Malawi is a small country located in the southeast of the African continent. Bordered by Tanzania, Mozambique and Zambia, Malawi contains the third largest lake in Africa, namely Lake Malawi. Most of Malawi is a plateau with elevations reaching 3,000 feet (1,000 meters). Therefore temperatures are quite moderate with a slightly warmer climate found around the shores of Lake Malawi. Winters (May until June) tend to be cool and dry, while summers (October to March) are warm and wet.
As early as the 10th Century, Bantu-speaking tribes emigrated into the area from the north. Many of these tribes continued south, but some stayed in the Malawi highlands creating an empire that would unite the region and make key alliances with the Portuguese. From approximately 1700 until 1850, the area now known as Malawi was an important sourcing area for the Swahili-Arab slave trade. More than 20,000 people were enslaved and sold annually. By 1889, the British had slowly stolen the area from the Portuguese by making deals with the local leaders. In 1964, Malawi became an independent country under Hastings Kamuzu Banda who would lead the country until 1994 when the first multi-party elections were held. Today, Mrs. Joyce Banda is the president. She replaced President Bingu who was elected in 2004 and died in office in 2012.
Today the country depends on its agricultural industries. As one of the least developed countries in the world, disease and poverty are unfortunately frequent issues. Much of the aid received by the country is delayed or simply disappears due to corruption. However, Malawi has earned the nickname of the “Warm Heart of Africa” because of the friendliness of the local population. The culture of Malawi is vibrant, colorful and welcoming, making it the perfect African destination for your next diving holiday.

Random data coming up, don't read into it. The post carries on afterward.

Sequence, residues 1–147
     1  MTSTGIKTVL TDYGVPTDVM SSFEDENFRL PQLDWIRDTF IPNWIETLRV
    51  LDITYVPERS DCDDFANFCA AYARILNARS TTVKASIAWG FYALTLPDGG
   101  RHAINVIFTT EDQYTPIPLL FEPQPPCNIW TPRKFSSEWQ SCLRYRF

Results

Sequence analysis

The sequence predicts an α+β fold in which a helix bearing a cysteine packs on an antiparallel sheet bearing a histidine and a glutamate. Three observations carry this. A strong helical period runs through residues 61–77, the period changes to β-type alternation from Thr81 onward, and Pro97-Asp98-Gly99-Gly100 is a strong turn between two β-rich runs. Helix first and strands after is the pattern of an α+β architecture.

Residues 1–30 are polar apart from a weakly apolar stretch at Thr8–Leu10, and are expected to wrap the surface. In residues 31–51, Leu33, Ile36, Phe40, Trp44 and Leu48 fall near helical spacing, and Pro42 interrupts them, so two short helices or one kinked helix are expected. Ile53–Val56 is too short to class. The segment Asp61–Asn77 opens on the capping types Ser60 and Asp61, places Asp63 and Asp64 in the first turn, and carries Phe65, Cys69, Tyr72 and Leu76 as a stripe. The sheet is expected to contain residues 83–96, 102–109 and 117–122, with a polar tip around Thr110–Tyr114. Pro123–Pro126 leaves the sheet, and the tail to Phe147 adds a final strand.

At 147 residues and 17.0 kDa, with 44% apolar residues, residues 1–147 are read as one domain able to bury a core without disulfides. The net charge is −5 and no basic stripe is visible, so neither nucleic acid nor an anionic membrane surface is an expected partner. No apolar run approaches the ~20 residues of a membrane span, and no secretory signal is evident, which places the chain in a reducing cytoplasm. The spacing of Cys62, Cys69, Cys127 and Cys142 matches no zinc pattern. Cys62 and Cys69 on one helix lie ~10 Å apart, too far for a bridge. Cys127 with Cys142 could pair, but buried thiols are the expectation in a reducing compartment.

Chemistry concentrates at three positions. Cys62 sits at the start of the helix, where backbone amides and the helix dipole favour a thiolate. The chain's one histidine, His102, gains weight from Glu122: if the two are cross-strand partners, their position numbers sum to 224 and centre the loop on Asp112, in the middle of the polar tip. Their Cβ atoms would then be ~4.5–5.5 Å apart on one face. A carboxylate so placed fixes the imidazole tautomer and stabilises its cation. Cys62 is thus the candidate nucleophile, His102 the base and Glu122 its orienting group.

For a rather small, African country, Malawi has a wide range of activities to keep you busy. Besides scuba diving, kayaking, water skiing and snorkeling are popular activities around Lake Malawi. 8 national parks and wildlife reserves mean that your adventure can include wildlife safaris. Hiking is also a popular past-time among visitors. The cool weather and varied landscapes provide ideal conditions for trekking, horseback riding or mountain biking. In addition, homestays with local families can add a culture element to your Malawi visit. For visitors who love to learn new skills on holiday, Malawi offers yoga retreats, pottery classes and tea factory tours. If you visit in September or October, don’t miss the popular Lake of Stars international music festival held on Malawi’s beautiful beaches.
Visitors can enter Malawi by flight into the capital city of Lilongwe or, less frequently, Blantyre. These airports host flights originating throughout Europe and the African continent. It is also possible to enter Malawi over road from Tanzania, Zambia and Mozambique. Ferries cross Lake Malawi from Mozambique a few times each week.
Once in Malawi, it is possible to travel around the country by plane, boat, bus, taxi or rental car.
Note - Travel to any destination may be adversely affected by conditions including (but not limited) to security, entry and exit requirements, health conditions, local laws and culture, natural disasters and climate. Regardless of your destination, check your local travel advisory board or department for travel advice about that location when planning your trip and again shortly before you leave.